The first 2010 Women’s Earth Alliance Advocacy Delegation, Defending Sacred Places in the Southwest, begins on Sunday in Elko, NV. Five dynamic, highly-skilled and experienced women advocates will spend one week meeting with indigenous women environmental justice leaders for a journey of immersive learning and collaboration.
Our Delegation will begin our journey this Sunday in northern Nevada, where the Western Shoshone people confront threats to their lifeways and holy places due to forced relocation, mineral extraction, particularly gold mining, and nuclear waste disposal. The Delegation will meet with Julie Cavanaugh-Bill, former Counsel for the Western Shoshone Defense Project and chief architect of the legal strategy that led to unprecedented international legal victories on behalf of the Western Shoshone. We will also meet Carrie Dann, Shoshone elder and outspoken environmental and human rights leader. We will visit sacred Mt. Tenabo, site of one of the largest open pit cyanide heap leach gold mines in America.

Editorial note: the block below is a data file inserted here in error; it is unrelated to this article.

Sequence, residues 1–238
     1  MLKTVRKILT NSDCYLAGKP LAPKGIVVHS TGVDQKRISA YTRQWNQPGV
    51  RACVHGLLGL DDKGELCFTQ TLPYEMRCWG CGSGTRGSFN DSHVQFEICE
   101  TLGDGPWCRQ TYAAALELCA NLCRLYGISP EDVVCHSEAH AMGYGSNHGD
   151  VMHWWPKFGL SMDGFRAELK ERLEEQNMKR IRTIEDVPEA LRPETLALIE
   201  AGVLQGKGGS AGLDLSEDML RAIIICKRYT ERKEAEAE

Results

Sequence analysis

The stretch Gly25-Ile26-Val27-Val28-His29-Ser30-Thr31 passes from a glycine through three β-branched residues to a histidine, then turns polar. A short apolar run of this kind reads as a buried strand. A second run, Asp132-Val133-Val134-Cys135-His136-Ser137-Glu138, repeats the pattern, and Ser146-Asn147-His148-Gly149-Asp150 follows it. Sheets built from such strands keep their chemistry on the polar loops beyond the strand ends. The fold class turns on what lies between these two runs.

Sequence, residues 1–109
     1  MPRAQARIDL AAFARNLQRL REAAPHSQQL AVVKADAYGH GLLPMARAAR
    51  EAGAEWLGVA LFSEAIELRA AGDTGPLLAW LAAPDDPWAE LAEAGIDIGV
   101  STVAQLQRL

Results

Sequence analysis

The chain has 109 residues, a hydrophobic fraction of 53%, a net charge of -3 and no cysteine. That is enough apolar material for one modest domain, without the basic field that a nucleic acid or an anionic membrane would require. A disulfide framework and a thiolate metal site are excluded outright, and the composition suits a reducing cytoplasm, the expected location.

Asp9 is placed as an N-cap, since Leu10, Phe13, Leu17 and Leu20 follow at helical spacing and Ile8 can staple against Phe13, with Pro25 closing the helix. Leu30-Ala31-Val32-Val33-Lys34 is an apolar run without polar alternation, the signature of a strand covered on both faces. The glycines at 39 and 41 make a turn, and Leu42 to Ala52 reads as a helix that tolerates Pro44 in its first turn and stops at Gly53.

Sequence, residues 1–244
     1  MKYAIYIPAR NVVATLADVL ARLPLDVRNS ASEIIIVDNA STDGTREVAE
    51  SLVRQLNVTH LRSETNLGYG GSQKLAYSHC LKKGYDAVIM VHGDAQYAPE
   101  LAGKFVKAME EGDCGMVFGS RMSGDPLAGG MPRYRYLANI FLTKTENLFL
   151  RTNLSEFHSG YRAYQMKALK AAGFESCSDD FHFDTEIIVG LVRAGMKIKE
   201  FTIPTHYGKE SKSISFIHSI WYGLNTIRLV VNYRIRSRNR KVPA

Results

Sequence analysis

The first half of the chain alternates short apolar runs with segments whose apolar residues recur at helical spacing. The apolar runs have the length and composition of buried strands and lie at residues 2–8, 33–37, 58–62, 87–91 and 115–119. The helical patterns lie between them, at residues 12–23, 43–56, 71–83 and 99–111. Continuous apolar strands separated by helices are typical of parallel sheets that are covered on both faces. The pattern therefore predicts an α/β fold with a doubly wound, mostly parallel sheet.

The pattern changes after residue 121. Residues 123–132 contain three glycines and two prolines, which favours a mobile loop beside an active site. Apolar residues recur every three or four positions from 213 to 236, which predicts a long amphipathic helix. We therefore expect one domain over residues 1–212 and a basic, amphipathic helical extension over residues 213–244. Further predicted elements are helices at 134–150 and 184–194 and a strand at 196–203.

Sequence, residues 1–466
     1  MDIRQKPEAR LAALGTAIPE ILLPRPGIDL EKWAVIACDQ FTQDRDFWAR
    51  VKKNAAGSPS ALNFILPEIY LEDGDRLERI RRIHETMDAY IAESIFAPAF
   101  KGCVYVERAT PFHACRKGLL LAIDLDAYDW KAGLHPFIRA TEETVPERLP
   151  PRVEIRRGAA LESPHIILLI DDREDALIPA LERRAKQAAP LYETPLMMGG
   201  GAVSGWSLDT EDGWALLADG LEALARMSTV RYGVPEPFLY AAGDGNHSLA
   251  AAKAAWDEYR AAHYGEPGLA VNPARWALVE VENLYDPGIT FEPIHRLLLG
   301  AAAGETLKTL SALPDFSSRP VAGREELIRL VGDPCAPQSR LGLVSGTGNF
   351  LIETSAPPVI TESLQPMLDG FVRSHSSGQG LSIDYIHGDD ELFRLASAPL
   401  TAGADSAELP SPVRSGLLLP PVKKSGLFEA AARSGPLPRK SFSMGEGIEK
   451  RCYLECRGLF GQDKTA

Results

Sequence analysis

From there, the Delegation will travel to the Alpine terrain of Northern Arizona, where we’ll meet the dedicated leaders of the Save the Peaks Coalition, a movement to defend the sacred San Francisco Peaks mountain – holy to 13 tribes, including the Navajo – from desecration through the use of reclaimed wastewater as artificial snow on the mountain’s ski resort. From the Coalition’s attorney, we will learn about the cutting edge of federal and state litigation to protect sacred sites.
Finally, we will travel to the Grand Canyon, and meet with the courageous women and men at the helm of the Havasupai tribe’s campaign to protect their ancestral homelands from uranium mining. We will visit Red Butte, site of a proposed uranium mine and central to the Havasupai’s creation story.
WEA’s Advocacy Delegations are unique opportunities for women advocates and activists to come together, bridging cultures and life experiences to strengthen a shared vision of sustainability and justice on earth. During these multi-day journeys of experiential education, women advocates learn first-hand about systemic environmental injustices affecting indigenous lands and communities, connect with indigenous women leaders committed to ensuring environmental justice and indigenous rights, and expand their capacity to generate solutions to these systemic problems. Through dialogue and participatory learning, advocates build a foundation for sustained collaborative engagement with indigenous environmental justice leaders, within the Sacred Earth Advocacy Network of Women’s Earth Alliance.
Stay tuned for our posts from the road!